PREVENTION & CONTROLS
BIOLOGICAL CONTROLS: Aculops fuchsiae has predators, some believed to have been helpful in California, but these predators cannot get to all of these elusive, wee fuchsia mites. Control potential here is limited.
CLIMATIC CONTROLS: With 7 nights of temperatures in the teens and low 20's in the winter of 2006, the climatic control potential in Western Washington and Oregon has become better known. Even 3-4 nights of low temps seems to kill the mites. Presumably, the NWFS has found a minimum range of temperature or perhaps it is the length of the freeze under which gall mites cannot survive. We now know that infestations in gardens with fuchsias that are outdoors all winter is a ‘warm winter’ problem. On HARDIES in the PNW, freezes, when in the teens and low 20's for 3-4 nights, perhaps less, kill the mites.
CONTROL BY FUCHSIA GROWERS: How fuchsia growers raise their fuchsias has an enormous effect on spreading fuchsia mite. Advice from the American Fuchsia Society (AFS) based in San Francisco, suggests 3 approaches:
1. Destroy fuchsia mite infected plants. New starts are inexpensive. They should be purchased from fuchsia specialists who are aware of the problem and have a program to avoid it. ASK! If they can't or won't tell you, go elsewhere.
2. Grow hardies outdoors, all year in the PNW. Let freezes control the mites.
3. Raise Gall Mite Resistant and Immune fuchsias. Some fuchsias show ugly galls, but not all. Brazilian fuchsias, where the mite originated, have developed resistance to the damage. Mites may be present, but damage is minor. Several species are resistant to the damage and pass that trait on to their offspring. Some fuchsias are even immune to damage. Hybridizers in California are raising new cultivars specifically for their gall mite, damage resistance. They are appearing in PNW fuchsia nurseries.
4. If mite damage appears and destroying the plant is not an option
: Prune out the damaged area in the plant parts.
Use chemical controls- choices listed below.
Prevention- For greenhouse plants and/or plants that don't freeze:
Start chemical controls in dormancy just BEFORE the new leaves appear.
Saturate the plant &soil.
To be successful, you need to be persistent and follow directions carefully.
For the dormant period (fall & winter) in greenhouses, prune plants severely.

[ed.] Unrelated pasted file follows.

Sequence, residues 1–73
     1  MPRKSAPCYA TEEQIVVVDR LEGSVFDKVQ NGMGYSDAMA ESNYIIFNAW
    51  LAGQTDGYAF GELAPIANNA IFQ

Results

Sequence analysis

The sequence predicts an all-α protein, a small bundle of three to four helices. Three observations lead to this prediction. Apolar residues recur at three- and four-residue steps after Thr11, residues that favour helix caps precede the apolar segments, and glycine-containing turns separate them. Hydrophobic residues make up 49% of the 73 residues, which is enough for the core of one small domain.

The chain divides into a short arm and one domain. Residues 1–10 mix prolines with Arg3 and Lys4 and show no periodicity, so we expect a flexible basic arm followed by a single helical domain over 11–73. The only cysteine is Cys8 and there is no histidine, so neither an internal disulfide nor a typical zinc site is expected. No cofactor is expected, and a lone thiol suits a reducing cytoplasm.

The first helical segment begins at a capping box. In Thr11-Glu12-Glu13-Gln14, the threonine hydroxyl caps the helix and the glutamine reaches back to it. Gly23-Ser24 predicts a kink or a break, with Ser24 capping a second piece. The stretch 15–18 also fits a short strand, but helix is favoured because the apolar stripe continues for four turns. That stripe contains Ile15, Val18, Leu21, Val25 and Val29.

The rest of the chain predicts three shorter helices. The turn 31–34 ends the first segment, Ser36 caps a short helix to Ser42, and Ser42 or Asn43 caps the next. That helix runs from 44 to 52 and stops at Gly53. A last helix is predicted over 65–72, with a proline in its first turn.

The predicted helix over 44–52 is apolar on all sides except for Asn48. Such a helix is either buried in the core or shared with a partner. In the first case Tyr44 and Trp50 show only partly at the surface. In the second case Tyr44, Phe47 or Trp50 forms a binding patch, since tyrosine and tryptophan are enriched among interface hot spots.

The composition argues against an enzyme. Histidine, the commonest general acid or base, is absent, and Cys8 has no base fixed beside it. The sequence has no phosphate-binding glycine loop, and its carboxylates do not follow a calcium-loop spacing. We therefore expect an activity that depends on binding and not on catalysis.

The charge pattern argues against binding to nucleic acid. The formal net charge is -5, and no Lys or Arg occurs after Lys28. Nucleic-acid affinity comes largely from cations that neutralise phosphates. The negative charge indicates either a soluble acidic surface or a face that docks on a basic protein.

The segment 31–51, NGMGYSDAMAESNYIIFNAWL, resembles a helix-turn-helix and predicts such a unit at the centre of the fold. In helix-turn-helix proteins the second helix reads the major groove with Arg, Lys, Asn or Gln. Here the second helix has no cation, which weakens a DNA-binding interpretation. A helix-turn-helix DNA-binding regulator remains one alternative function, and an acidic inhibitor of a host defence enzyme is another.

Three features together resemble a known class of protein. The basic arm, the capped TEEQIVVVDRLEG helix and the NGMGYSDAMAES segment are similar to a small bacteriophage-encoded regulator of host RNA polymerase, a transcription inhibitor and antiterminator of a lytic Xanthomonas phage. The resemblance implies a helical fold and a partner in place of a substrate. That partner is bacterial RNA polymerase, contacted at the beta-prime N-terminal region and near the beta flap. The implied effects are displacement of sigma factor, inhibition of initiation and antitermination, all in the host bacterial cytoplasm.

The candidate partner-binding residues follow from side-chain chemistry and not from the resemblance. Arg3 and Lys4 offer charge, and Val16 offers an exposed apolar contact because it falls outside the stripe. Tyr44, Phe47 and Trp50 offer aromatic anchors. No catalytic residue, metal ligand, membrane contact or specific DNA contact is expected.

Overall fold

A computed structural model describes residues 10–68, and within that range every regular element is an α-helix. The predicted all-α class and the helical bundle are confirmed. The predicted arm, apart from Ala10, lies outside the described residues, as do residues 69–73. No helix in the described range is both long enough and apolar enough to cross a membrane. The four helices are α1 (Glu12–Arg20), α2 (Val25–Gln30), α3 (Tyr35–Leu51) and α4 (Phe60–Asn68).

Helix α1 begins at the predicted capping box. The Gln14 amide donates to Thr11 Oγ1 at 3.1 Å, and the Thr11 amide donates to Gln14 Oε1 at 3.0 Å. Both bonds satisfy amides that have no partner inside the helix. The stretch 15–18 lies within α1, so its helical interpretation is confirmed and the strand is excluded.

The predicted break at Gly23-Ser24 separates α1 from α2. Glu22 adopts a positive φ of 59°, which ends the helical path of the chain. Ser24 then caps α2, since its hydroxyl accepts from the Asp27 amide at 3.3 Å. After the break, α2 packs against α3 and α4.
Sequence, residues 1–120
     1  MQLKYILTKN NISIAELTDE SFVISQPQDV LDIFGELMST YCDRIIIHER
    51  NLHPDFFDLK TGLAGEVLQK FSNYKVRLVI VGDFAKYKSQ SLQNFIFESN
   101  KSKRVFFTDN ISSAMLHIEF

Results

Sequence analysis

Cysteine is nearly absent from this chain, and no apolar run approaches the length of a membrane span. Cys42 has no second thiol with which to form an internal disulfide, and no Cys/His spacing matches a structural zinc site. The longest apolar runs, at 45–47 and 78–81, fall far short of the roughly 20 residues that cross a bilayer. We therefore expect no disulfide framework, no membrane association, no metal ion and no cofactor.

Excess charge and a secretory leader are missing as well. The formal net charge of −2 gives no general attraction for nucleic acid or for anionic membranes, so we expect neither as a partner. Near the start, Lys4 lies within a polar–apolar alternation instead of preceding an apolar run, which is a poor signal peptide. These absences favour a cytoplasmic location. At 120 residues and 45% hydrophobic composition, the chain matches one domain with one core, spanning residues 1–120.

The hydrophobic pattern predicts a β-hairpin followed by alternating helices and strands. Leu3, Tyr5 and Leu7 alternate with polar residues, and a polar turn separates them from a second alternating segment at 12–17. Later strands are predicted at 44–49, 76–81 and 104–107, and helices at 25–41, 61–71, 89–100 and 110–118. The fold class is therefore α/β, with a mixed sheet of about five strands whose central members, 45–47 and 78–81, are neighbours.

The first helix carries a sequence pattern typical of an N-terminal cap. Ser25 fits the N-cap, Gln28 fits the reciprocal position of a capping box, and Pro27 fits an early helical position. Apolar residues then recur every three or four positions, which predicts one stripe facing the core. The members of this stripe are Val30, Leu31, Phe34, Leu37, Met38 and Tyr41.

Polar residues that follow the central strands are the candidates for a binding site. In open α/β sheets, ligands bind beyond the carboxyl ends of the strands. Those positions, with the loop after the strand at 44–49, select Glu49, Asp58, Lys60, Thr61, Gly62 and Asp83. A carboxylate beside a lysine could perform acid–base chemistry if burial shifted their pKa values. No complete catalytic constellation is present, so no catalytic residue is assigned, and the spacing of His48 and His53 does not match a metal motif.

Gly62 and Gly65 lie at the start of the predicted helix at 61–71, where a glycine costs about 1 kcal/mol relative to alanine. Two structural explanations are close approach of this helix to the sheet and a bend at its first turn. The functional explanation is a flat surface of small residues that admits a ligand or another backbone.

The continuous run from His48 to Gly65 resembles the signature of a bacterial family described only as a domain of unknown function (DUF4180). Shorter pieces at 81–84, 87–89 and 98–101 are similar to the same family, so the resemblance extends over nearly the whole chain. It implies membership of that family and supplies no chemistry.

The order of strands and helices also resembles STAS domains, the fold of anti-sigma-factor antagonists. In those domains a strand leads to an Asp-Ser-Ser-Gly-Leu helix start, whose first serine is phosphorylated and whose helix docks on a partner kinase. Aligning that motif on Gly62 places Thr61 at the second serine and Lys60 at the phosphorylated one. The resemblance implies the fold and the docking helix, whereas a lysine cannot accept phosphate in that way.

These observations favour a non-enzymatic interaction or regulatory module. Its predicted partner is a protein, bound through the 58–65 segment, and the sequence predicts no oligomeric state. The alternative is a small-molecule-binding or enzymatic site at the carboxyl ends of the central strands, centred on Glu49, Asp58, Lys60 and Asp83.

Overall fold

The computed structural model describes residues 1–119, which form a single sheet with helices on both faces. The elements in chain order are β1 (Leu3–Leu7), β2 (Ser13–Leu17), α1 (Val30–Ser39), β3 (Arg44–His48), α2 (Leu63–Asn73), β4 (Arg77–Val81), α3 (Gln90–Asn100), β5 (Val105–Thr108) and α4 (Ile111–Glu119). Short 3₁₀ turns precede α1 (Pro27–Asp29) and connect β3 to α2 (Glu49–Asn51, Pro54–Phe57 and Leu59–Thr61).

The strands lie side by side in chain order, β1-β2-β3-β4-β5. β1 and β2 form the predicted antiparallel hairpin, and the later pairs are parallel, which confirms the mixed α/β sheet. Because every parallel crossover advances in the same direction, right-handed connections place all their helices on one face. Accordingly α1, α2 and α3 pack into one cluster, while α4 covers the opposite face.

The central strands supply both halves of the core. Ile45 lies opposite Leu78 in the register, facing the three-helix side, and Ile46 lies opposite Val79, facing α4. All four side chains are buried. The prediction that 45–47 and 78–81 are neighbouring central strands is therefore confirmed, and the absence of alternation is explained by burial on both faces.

Deeply planted hardies may be pruned even harder.
Remove the leaves, young stems & most leaf nodes, galls, & loose bark
where the mites reproduce, feed and over-winter.
Clean up underneath the plants. Give fuchsia mites as little area as possible
to hide in.
During the plant’s growth periods (spring & summer), cut out any fuchsia mite
infected area: cut two nodes below it.
Develop a spraying program to delay more mites hatching (see below) & to keep
In general, establish a program to keep plants healthy; stick to it so that you
don’t spread mites to neighbors and re-infect your own plants.
Do not work on an infected plant and then go to one not infected.
YOU will just spread the mite.
In handling infected plant material, wear disposable gloves, burn the plant
material or place it in a plastic bag, tie it up snuggly, and put it and the gloves
in the garbage.
Do NOT compost or recycle it.
Shower and change your clothes before you work on clean plants—don’t let
the mites hitchhike on you.
Disinfect tools and containers.
If possible, isolate infected plants and keep animals away; they could also carry
mites to other fuchsias.
IMPORTANT- Whatever chemical controls you use…
1. Choose products specified for Aculops fuchsiae/fuchsia gall mite or eriophyid mites & safe for fuchsias or ornamental plants. Notice whether it’s an indoor or outdoor product. Names of pesticides can be similar and confusing. Read the label !
2. Read the directions carefully and follow them so that plants are not re-infected.
3. Read and follow the safety precautions. Some products are toxic to humans and other animals.
CONTACT SPRAYS- Partial/Temporary Control
After pruning and cleaning up infested plants, contact sprays can help control mites. Saturate the plant because light applications will build immunity. With contact sprays you want to get the new hatchlings, so remembering the life cycle, three applications, 7-10 days apart are needed- or as directed for fuchsia mite on the product. Some will recommend 4 days apart.